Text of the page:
PM v Childrens Court of the Australian Capital Territory & Ors  ACTSC 258
The law distinguishes between children and adults. That said, it is interesting to compare reasons for decision in a criminal case with a civil case, say in wills and estate law.
In Queensland, s 29 of the Criminal Code Act 1899 (Qld) states that a child under the age of 14 years cannot be held criminally responsible for their actions unless it can be proven that they had the capacity to understand exactly what they were doing. When it comes to sentencing children, the Youth Justice Act 1992 (Qld) provides that 17-year-olds will be treated as children for the purposes of the Act. Whether a person is considered to be a child or an adult further affects which court has jurisdiction to hear the matter, and the severity of sentencing.
Recently, however, an interesting case arose in the ACT wherein it was questioned whether, for the purposes of hearing and sentencing, a girl whose birthday fell on 29 February was considered to be of adult age when committing certain criminal offences on 28 February during a common year (non-leap year).
The girl, born in a leap year on 29 February 2000, was found committing offences on 28 February during a non-leap year, and was initially deemed an adult to be tried in the Magistrates Court rather than the Children’s Court.
An application for judicial review was heard in the Supreme Court of the Australian Capital Territory: PM v Childrens Court of the Australian Capital Territory & Ors (‘PM’)  ACTSC 258.
The plaintiff argued that the term ‘birthday’ should be afforded its original meaning, that being the anniversary of the date of one’s birth. As the anniversary of any one date occurs either every 365 or 366 days, it was argued that it would be an absurd anomaly to argue she had attained the age of 18 after only 364 days. The Children’s Court would thus have jurisdiction to hear the matter.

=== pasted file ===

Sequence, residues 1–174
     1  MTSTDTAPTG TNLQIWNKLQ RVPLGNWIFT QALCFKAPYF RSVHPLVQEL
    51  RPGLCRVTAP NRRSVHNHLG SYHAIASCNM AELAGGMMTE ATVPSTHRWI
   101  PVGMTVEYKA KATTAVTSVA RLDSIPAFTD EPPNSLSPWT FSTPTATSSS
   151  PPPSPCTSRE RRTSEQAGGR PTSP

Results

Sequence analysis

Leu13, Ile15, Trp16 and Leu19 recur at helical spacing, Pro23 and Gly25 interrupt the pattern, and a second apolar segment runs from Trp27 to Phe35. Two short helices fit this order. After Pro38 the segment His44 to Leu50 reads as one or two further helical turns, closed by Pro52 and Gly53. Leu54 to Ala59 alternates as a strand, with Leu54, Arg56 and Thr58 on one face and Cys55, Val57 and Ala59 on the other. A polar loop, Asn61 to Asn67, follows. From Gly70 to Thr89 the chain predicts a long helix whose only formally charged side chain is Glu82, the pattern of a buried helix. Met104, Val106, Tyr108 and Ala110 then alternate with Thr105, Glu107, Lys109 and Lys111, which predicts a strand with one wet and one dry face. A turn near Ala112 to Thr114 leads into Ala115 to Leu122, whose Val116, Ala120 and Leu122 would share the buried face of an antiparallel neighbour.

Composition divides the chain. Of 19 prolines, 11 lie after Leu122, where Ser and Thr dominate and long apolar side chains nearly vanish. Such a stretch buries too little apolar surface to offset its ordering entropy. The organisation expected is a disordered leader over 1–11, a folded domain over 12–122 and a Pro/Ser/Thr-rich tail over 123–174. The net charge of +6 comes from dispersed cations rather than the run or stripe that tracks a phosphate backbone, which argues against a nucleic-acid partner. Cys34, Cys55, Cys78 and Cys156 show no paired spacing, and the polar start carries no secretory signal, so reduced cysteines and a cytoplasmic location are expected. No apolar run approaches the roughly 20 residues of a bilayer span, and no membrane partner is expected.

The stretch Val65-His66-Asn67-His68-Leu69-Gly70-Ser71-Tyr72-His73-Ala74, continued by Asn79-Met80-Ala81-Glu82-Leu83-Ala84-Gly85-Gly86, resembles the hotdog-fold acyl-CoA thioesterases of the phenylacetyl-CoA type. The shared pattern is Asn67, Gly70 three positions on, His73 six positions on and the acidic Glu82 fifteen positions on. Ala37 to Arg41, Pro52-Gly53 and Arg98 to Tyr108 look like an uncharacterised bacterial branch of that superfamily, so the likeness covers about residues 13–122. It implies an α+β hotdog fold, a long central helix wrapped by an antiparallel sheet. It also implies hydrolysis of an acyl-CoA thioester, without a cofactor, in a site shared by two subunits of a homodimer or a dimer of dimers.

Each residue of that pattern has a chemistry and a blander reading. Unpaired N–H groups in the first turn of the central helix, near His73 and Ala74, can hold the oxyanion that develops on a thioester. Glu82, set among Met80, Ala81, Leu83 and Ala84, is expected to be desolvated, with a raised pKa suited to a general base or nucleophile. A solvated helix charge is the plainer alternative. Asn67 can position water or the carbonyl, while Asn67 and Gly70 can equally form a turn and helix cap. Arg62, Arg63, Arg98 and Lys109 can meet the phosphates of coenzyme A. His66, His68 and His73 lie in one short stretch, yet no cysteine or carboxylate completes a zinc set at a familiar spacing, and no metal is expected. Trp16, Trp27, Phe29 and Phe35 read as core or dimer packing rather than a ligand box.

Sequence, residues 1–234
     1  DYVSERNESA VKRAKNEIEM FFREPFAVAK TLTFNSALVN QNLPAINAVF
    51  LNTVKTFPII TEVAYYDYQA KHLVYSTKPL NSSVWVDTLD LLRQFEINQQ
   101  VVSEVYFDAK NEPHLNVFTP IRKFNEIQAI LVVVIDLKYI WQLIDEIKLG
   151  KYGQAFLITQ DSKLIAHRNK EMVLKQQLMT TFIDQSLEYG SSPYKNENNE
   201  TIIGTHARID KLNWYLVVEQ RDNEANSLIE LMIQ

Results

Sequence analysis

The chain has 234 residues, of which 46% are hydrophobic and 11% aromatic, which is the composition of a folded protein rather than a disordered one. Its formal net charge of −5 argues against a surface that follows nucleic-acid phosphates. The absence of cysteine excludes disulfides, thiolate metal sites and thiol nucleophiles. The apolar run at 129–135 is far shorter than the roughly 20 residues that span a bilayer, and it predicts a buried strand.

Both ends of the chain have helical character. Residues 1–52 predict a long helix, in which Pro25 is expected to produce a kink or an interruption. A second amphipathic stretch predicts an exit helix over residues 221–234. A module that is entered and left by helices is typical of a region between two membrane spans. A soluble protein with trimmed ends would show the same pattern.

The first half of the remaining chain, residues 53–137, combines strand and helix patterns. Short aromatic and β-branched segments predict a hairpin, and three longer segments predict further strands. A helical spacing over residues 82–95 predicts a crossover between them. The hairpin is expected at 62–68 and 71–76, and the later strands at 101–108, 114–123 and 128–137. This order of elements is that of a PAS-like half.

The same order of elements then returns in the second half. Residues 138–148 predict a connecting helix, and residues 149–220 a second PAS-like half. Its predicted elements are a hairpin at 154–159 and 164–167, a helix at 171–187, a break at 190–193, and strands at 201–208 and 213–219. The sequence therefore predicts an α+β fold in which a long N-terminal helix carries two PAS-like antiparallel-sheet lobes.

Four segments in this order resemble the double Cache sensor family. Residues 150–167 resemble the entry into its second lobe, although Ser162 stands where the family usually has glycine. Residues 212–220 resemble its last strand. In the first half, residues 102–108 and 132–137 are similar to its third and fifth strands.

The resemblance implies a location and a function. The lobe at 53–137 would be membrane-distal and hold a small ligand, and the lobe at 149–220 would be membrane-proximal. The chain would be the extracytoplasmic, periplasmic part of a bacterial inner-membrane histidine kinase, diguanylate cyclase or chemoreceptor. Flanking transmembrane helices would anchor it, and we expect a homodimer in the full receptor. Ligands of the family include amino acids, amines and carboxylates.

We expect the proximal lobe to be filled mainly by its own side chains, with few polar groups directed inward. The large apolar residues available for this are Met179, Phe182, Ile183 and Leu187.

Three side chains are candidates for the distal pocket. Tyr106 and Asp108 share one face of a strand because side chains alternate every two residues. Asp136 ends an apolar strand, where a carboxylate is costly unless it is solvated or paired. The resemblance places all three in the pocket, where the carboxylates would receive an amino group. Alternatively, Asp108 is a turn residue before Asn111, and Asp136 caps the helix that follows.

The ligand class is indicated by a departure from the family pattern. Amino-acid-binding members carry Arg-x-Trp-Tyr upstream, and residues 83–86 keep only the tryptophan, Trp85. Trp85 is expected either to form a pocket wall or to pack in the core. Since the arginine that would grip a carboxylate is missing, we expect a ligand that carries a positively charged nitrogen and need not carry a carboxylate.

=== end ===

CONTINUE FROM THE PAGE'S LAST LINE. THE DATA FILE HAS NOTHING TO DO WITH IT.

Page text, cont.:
The Director of Public Prosecutions, however, argued that as there is no corresponding date for the plaintiff’s birthday every year, it would be reasonable to conclude that the end of February – the 28th – would be the day on which she attained the age of 18. This would confirm the Magistrates Court had the jurisdiction to hear and sentence the girl.
In deciding this matter, Justice McWilliam considered several pieces of legislation, including s 149 of the Legislation Act 2001 (ACT), which provides that ‘a person is an age in years at the beginning of the person’s birthday for the age.’
Her Honour made note of the specificity of the words ‘at the beginning of the person’s birthday’ and concluded that they indicate a deliberate intention by the legislature to avoid the implication that a person could or would attain a specified age the day before their birthday. It was not the intention of the legislation to refer to the number of years or months since the birth date.
Ultimately, Justice McWilliam held that the girl would only have become someone who is ‘at least’ 18-years-old on 1 March. In turn, it was ordered that the proceedings be remitted to the Children’s Court for determination.
This case contrasts that of In re Shurey: Savoy v Shurey  1 Ch 268 wherein it was established that a beneficiary to a will who died the day before his twenty-fifth birthday was actually held to have attained the age of 25, regardless of the date of his birthday.
On this basis, the girl in PM would have been deemed to have reached 18 and would thus have been sentenced in the Magistrates Court.
It is interesting to ponder the differences between age in matters of trusts and wills, compared to age in matters involving criminal offences. Perhaps the severity in criminal matters of determining a person is 18, as opposed to 17, is the reasoning behind such a distinction.